By Jessica Domel
After almost a year of negotiations, the United States and Japan have agreed to the framework for a free trade agreement.
U.S. President Donald Trump and Japanese Prime Minister Shinzo Abe announced the framework Sunday, Aug. 25, on the sidelines of the G-7 Summit in France.
“We’ve been working on a deal with Japan for a long time. It involves agricultural, and it involves e-commerce and many other things,” Trump said. “It’s a very big transaction, and we’ve agreed in principle.”
The president said the deal involves billions of dollars and is tremendous for U.S. farmers.
“One of the things Prime Minister Abe has also agreed to is we have excess corn in various parts of our country, with our farmers, because China did not do what they said they were doing to do,” Trump said. “Prime Minister Abe, on behalf of Japan, they’re going to be buying all of that corn.”
The trade agreement will cover agriculture, industrial tariffs and digital trade.
Automobile and auto part tariffs are not included.
“We still have some remaining work that has to be done at the working level, namely finalizing the wording of the trade agreement and also finalizing the content of the agreement itself,” Abe said. “But we would like to make sure that our teams would accelerate the remaining work for us to achieve this goal of realizing the signing of the agreement on the margins of the U.N. General Assembly at the end of September.”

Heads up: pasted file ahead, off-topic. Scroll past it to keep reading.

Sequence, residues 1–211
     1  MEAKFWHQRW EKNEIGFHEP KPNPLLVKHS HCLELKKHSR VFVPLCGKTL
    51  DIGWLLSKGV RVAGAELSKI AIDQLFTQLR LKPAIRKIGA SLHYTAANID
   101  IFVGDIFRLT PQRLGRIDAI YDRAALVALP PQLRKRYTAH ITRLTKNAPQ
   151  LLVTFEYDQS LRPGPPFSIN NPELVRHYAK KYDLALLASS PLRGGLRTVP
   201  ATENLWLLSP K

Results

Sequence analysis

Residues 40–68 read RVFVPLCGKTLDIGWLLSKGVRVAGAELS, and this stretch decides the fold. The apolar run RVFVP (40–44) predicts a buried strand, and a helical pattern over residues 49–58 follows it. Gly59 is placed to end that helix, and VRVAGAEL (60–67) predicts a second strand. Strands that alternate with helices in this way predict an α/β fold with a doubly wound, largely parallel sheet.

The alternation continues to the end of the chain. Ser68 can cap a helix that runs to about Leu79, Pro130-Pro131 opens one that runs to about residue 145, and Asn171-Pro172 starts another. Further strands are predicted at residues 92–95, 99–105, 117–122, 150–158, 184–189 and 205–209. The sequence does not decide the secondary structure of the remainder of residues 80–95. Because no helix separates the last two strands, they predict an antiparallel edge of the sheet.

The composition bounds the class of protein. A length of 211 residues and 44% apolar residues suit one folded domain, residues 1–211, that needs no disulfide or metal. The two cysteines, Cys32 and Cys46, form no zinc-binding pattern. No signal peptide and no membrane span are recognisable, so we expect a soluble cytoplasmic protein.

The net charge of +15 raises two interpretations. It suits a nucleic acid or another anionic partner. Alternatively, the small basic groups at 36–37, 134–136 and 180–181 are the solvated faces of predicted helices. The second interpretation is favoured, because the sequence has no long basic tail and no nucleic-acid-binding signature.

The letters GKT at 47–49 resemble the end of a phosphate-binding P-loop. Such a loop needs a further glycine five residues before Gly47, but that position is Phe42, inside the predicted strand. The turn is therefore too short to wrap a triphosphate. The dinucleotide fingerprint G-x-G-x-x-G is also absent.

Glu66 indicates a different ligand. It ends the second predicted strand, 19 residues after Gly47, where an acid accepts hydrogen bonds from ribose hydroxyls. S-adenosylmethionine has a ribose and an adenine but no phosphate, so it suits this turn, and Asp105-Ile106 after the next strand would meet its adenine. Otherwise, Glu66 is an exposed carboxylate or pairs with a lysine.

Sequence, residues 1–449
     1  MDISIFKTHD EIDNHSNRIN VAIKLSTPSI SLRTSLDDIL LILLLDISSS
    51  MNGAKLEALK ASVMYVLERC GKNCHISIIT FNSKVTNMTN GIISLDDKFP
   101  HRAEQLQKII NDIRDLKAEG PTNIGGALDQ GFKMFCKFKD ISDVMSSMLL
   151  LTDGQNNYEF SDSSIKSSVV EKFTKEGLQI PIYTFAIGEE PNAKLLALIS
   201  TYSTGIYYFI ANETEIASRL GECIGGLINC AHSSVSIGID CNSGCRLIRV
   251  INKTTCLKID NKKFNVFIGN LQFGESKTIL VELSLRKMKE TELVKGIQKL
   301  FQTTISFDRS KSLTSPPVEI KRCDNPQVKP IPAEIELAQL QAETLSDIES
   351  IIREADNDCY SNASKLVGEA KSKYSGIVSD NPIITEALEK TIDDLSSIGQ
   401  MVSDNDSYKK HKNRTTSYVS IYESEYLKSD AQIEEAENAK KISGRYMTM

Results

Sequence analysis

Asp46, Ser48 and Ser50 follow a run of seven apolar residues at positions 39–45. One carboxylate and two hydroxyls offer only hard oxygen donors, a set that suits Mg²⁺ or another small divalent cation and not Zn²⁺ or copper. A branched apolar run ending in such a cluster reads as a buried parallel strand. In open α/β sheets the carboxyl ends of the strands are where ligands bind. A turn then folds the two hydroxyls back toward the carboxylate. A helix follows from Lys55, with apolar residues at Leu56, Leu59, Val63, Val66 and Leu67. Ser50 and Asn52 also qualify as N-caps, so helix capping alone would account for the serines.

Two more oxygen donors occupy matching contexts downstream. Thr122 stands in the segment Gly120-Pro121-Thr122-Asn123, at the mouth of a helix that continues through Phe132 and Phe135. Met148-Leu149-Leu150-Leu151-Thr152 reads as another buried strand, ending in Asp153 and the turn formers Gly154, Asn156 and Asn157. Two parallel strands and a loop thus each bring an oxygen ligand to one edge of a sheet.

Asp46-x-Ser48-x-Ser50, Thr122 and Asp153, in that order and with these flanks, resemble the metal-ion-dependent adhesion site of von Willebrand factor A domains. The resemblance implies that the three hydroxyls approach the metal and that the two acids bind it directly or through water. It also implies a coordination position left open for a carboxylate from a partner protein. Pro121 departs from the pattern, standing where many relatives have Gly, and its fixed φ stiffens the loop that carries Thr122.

Abe said the Japanese private sector will be purchasing U.S. corn as the country deals with pest pressure.
Japan is the United States’ third largest agricultural market, according to U.S. Trade Representative Robert Lighthizer.
“They import about $14 billion worth of U.S. agricultural products, and this will open up markets to over $7 billion of those products,” Lighthizer said.
Although the exact details of the trade deal are not yet available, the American Farm Bureau Federation (AFBF) applauded the progress.
“America’s farmers and ranchers are pleased to hear that the U.S. and Japan may be close to a trade deal with includes agriculture,” AFBF President Zippy Duvall said. “This is much-needed good news on the agricultural trade front.”
A trade deal between the U.S. and Japan will benefit the beef, pork, wheat, wine, ethanol and dairy sectors, Lighthizer noted.
Dan Halstrom, president and CEO of the U.S. Meat Export Federation (USMEF) said the deal is tremendous for the beef and pork industries, which faced higher tariffs in Japan due to the U.S.’ absence from other trade agreements like the Trans-Pacific Partnership.
“It will level the playing field for U.S. beef and pork in the world’s most competitive red meat import market,” Halstrom said.
The U.S.’ top agricultural exports to Japan in 2018 were: corn, beef and beef products, pork and pork products, soybeans and wheat.
The U.S. imported around $725 million in agricultural products from Japan in 2018.
Top imports included: wine and beer, snack foods, tea, other vegetable oils and processed fruit and vegetables.